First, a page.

Magazine article The Christian Century

Before the Book Sale

Magazine article The Christian Century

Before the Book Sale

Article excerpt

MY TOWN PUTS ON a book sale every fall. Proceeds go to a worthy cause, and I am told that the event is well attended. I never go because I already have too many books on my crowded shelves. But I do participate in the sale as a supplier. It is for this reason that each summer as the time to turn books in approaches I am seized by an intense feeling of anxiety. I know I have to prune my shelves and I also I know that there is no reason to hold on to all the books I have. As I choose what goes and what stays, I confront my mortality--Who will want all these books when I am gone?--and my past. Each title evokes a memory of a earlier time of intense interest in a particular topic. What has happened to that passion? What was behind the decision to keep one title and reject others? And when I reject a book I once thought had to remain with me forever, I wonder in what ways I've changed. Weeding out books is a painful process that demands personal clarity.

I found some reassurance recently when I came across a quote from Henry Adams, who once described himself as "aching to absorb knowledge, and helpless to find it." This hunger to know more, and the sense of frustration when more turns out not to be enough, is no doubt a factor in our acquisition of books. Loyalties are developed over time as writers are invited into one's life. I'm not entirely sure why some books are favored and others never make the cut, but I do know that the writers who elicit my deepest loyalty are those who connect layers of meaning, who link insight and information in surprising ways.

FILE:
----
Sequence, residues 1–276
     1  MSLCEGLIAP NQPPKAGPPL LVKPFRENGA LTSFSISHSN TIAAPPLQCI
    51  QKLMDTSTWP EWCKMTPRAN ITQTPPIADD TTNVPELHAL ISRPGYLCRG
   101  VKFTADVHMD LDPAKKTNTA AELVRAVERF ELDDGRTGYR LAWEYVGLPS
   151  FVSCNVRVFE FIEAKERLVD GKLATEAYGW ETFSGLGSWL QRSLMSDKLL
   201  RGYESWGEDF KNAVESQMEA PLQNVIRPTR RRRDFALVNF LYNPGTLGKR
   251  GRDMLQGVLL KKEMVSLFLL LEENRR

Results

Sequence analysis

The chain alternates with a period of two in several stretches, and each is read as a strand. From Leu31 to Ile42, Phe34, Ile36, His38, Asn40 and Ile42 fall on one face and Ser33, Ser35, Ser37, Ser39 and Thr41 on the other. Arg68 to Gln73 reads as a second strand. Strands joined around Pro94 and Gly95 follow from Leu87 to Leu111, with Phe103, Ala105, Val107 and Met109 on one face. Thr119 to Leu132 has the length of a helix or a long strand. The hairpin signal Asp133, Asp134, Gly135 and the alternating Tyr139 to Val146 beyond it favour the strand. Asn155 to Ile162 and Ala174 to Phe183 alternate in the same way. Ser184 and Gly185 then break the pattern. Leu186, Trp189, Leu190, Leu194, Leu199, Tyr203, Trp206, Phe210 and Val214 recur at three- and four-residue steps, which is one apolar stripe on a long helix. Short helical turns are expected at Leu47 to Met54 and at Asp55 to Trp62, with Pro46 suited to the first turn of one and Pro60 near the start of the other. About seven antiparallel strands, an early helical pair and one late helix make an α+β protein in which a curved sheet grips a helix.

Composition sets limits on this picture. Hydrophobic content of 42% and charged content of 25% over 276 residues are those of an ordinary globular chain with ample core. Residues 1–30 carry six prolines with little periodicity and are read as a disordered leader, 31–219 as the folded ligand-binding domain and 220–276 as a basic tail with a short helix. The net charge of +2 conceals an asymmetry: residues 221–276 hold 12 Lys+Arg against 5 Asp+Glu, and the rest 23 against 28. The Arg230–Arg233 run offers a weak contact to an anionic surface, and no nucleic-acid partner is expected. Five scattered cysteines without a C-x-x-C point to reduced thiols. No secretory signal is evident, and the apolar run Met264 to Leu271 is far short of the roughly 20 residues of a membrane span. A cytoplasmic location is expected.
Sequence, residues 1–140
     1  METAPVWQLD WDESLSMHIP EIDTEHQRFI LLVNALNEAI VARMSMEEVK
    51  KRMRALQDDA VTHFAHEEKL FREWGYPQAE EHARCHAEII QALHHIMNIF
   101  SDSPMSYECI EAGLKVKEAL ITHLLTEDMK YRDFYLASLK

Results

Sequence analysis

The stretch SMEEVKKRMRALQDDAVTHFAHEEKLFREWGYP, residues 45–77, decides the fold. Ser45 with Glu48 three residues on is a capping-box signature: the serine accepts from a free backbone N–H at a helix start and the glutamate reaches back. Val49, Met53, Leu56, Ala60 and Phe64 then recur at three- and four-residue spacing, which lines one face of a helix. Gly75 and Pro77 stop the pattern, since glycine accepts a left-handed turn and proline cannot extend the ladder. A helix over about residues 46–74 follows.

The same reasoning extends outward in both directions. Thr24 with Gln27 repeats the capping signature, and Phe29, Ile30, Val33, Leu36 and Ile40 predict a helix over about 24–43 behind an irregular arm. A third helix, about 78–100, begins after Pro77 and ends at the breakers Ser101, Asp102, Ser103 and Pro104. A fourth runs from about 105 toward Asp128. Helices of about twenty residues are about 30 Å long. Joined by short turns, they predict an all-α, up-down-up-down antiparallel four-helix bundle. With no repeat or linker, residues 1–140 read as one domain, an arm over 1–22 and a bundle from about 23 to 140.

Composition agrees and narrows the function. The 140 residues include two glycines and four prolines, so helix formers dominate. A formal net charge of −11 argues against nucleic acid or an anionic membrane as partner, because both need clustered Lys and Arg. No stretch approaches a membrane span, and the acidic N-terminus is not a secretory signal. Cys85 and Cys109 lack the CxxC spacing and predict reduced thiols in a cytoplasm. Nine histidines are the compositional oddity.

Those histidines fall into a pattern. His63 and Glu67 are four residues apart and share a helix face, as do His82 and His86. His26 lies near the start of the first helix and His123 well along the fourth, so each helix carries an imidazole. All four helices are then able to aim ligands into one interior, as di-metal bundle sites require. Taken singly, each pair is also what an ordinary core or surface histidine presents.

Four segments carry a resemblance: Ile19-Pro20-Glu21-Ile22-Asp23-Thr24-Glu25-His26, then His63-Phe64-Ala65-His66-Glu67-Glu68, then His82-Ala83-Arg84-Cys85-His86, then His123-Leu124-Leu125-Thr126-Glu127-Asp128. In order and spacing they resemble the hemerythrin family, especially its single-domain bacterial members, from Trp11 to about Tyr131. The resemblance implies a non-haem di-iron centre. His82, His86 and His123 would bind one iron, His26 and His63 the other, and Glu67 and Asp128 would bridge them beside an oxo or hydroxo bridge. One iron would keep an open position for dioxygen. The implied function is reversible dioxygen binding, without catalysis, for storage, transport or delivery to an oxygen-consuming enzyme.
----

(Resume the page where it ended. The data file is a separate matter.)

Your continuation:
I found the quote from Adams in a New Yorker review of Panama, a new novel by Eric Zencey, which puts the American writer Henry Adams in a fictional situation--"sniffling around Paris in 1892," searching for a young American painter with an interest in architecture. Adams is one author who remains a permanent resident on my shelf, never to be sent into book-sale oblivion. He had an intense curiosity about so many things that I wish I knew more about. Zencey knows this side of Adams, which is what must have led him to imagine Adams as a detective, trying to find a woman whose disappearance is related to the financial scandals surrounding the building of the Panama Canal.

Adams would indeed have wanted to know more about the financial scandals that tainted the canal project. He would also have been fascinated by a venture that transformed world commerce. He would view the canal as part of the new technology, the great leap forward which he described with both dread and excitement in the chapter titled "Dynamo and the Virgin" in The Education of Henry Adams. …

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